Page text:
Migration has own statistics
About 15,000 foreigners take permanent residence in the Republic of Belarus annually
By Maria Solonovich
If you visit a Belarusian construction site, factory or agricultural enterprise, you may see a variety of ethnicities, although far fewer than you would in Russia.
According to some calculations, there may be from 0.5 to 5 million illegal migrants working in Russia. They come in such numbers that they perhaps feel the separation from their homeland less acutely, with so many of their countrymen around. Of course, the situation is far from ideal, and can lead to criminality, as has recently been heard of in the Moscow micro-district of Biryulevo.
Belarus lacks as many foreigners, despite being tolerant and welcoming. As of the middle of this year, about 150,000 migrants held residence permits: most citizens of Russia, Ukraine and Lithuania. Just 12-14 foreigners take permanent residence in Belarus annually. The Head of the Institute of Economics at the National Academy of Sciences, Alexander Luchenok, tells us, “The majority of foreign workers are taking the place of former highly skilled local experts, who have gone to Russia in search of ‘easy’ money. I’m not sure that guests from Vietnam or Central Asia can replace our builders fully.”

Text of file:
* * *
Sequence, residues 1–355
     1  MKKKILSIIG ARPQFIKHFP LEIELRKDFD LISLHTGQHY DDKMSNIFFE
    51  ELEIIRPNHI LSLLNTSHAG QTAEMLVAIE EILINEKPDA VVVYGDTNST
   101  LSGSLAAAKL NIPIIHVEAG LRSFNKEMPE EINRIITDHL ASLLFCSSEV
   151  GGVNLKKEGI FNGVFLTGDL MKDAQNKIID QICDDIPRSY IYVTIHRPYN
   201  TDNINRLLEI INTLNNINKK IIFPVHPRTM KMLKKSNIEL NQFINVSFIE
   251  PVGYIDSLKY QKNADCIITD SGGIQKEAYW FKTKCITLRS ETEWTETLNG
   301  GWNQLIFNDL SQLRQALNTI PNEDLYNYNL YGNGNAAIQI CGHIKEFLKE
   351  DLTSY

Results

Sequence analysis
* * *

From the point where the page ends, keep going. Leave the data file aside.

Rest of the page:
Of course, personnel shortages need to be filled, even when low-skilled workers, in theory, take currency out of the country. In addition, foreign workers tend to arrive with their families, who then receive state support. The need to fill jobs exists not just in the capital, to which people are more readily attracted in search of well-paid employment and good living standards. In fact, there are plenty of towns countrywide in need of workers; they may open new, profitable and unique enterprises but many of their workers have already left and it’s difficult to attract them back again.
Annually, 1,900-2,200 people are deported — at a cost of nearly $80,000 last year. Some are foreign students who have no desire to return to their homeland, despite being expelled for poor progress. It happens with some regularity, requiring the institute to apply for a court order. Foreign communities do what they can to help but, in most cases, it falls to the state to pay for the deportee’s airfare: perhaps to China, Vietnam or Nigeria. After dispatch, the person in question may not return for up to 10 years and after deportation — up to 5 years; the established minimum is one year.
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